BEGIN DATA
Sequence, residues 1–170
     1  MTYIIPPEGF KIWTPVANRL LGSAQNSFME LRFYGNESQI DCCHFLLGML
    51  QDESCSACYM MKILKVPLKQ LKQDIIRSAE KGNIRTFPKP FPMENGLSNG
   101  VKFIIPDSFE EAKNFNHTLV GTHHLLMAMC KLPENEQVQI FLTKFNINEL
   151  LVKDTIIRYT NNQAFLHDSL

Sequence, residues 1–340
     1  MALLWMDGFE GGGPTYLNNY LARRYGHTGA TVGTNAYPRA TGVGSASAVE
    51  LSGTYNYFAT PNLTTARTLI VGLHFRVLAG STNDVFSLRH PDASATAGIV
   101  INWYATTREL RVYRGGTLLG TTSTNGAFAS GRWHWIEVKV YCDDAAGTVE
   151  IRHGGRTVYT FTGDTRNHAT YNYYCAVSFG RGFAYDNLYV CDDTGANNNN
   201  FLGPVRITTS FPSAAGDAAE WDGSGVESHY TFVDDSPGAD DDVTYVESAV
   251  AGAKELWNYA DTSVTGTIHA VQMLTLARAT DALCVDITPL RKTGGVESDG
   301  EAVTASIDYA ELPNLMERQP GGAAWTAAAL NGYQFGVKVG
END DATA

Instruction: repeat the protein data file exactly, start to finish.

Sequence, residues 1–170
     1  MTYIIPPEGF KIWTPVANRL LGSAQNSFME LRFYGNESQI DCCHFLLGML
    51  QDESCSACYM MKILKVPLKQ LKQDIIRSAE KGNIRTFPKP FPMENGLSNG
   101  VKFIIPDSFE EAKNFNHTLV GTHHLLMAMC KLPENEQVQI FLTKFNINEL
   151  LVKDTIIRYT NNQAFLHDSL

Sequence, residues 1–340
     1  MALLWMDGFE GGGPTYLNNY LARRYGHTGA TVGTNAYPRA TGVGSASAVE
    51  LSGTYNYFAT PNLTTARTLI VGLHFRVLAG STNDVFSLRH PDASATAGIV
   101  INWYATTREL RVYRGGTLLG TTSTNGAFAS GRWHWIEVKV YCDDAAGTVE
   151  IRHGGRTVYT FTGDTRNHAT YNYYCAVSFG RGFAYDNLYV CDDTGANNNN
   201  FLGPVRITTS FPSAAGDAAE WDGSGVESHY TFVDDSPGAD DDVTYVESAV
   251  AGAKELWNYA DTSVTGTIHA VQMLTLARAT DALCVDITPL RKTGGVESDG
   301  EAVTASIDYA ELPNLMERQP GGAAWTAAAL NGYQFGVKVG